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Noryangjin Fish Market
Noryangjin Fish Market

Noryangjin Fish Market

13-8 Noryangjin 1(il)-dong, Dongjak-gu, Seoul

The Basics

Visiting the market is almost like a trip to an aquarium, but the best part is sampling the wares. After you’ve made your purchase of clams, fish, squid octopus, sea cucumber, shrimp, or crabs, to name a few, you can take your choice to a restaurant stall, where the cooks will chop it up for you to eat sashimi-style, or prepare it grilled or in a spicy stew.

Market and culinary tours of Seoul often stop at Noryangjin, but it’s also worthwhile to take a guided tour of the market itself, to get insider tips from a local on where to buy the freshest seafood and which on-site restaurants will cook up the most delicious dishes. A fish market tour can be combined with a bike tour along the Han River or a traditional Korean barbecue dinner.

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Things to Know Before You Go

  • Noryangjin is a must-visit for foodies and families traveling with kids.

  • Come hungry; market restaurants will cook up your seafood purchases for you.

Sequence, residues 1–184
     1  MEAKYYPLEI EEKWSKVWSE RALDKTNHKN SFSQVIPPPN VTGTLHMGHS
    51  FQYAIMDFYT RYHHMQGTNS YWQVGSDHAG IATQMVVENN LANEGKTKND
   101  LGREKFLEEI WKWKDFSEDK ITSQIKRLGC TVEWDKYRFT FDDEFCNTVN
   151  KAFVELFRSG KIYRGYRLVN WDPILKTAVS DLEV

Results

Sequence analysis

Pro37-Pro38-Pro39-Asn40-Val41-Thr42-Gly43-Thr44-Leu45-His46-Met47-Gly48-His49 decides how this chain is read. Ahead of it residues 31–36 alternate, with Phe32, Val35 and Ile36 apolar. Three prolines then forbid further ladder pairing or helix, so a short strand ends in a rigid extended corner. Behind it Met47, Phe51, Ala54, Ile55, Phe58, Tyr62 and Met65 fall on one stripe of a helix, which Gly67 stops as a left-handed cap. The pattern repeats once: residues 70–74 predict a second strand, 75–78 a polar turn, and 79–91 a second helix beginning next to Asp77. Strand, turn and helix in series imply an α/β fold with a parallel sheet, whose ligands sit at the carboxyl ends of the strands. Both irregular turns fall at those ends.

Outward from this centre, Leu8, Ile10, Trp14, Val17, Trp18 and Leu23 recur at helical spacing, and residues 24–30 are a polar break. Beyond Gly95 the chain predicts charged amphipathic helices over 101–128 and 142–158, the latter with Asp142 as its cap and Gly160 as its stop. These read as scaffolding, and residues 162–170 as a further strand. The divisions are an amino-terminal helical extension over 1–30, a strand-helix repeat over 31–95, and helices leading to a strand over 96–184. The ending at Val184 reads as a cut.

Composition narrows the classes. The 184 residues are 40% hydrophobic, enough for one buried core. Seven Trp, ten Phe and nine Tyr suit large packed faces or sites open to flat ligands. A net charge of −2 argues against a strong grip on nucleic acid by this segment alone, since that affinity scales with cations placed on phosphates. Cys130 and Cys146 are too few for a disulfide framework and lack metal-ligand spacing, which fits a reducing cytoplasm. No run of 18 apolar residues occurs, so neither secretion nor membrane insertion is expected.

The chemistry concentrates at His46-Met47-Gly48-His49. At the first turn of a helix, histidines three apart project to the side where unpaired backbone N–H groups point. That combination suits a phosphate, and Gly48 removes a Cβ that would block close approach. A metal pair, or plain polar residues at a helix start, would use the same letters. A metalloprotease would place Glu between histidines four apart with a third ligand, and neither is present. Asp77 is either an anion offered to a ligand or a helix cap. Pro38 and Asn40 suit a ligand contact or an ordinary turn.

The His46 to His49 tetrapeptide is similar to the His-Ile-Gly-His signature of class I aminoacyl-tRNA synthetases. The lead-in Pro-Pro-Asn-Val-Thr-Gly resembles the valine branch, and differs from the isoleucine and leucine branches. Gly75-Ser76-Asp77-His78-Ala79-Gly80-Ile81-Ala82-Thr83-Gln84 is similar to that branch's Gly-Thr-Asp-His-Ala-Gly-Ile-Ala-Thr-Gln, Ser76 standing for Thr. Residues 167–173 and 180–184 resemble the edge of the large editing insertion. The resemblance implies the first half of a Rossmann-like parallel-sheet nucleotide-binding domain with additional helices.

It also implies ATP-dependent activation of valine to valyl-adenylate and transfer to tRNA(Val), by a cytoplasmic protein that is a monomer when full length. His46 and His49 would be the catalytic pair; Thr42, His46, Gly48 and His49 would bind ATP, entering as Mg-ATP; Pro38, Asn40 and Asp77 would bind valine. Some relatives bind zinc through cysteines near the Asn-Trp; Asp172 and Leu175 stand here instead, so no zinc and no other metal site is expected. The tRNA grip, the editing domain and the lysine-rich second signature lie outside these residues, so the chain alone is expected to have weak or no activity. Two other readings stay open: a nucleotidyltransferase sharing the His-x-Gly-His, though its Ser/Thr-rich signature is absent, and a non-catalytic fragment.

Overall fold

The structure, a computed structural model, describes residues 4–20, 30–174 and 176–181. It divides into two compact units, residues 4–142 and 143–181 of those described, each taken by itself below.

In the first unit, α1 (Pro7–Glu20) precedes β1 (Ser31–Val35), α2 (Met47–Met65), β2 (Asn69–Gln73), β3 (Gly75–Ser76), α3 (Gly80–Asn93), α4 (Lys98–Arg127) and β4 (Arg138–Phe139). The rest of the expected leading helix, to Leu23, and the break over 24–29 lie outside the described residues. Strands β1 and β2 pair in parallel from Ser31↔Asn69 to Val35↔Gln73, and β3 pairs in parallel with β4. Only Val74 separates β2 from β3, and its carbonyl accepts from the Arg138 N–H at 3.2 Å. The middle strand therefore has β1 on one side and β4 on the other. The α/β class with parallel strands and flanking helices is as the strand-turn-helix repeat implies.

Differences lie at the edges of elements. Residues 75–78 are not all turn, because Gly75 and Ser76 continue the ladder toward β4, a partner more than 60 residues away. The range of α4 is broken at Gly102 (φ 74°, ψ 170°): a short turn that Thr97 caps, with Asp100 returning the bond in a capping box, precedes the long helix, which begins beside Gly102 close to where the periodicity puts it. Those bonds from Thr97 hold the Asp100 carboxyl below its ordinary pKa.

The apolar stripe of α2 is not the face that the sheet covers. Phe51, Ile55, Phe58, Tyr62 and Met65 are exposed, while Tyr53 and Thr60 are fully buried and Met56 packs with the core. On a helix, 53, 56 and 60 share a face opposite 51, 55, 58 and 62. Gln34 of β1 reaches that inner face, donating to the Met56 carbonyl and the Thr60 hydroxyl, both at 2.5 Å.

• Most market vendors accept credit cards, but it’s always a good idea to carry some cash just in case.

  • Be sure to wear sturdy shoes with a good grip; the wet floor of the market can get slippery.

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How to Get There

It’s easy to reach the market via public transportation. Dozens of buses stop at Noryangjin Market Station, as does Seoul subway Line 1; take Exit 1 and you’ll find the market just over the bridge.

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Trip ideas


When to Get There

If you can get yourself out of bed and to the market in the wee hours of the morning—or really, really late at night—you can witness the daily seafood auction. This is the market at its best, as fishmongers fight to get the best price on bulk items. Otherwise, visit for lunch or dinner to enjoy the fresh seafood.

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Sannakji, a Korean Delicacy

Adventurous seafood lovers should be sure to sample some sannakji during a visit to the market. This Korean delicacy is made from a small species of octopus that is purchased live, chopped up, and served raw, sashimi-style with sesame oil for dipping. Nerves in the tentacles cause them to move even after the octopus is dead.

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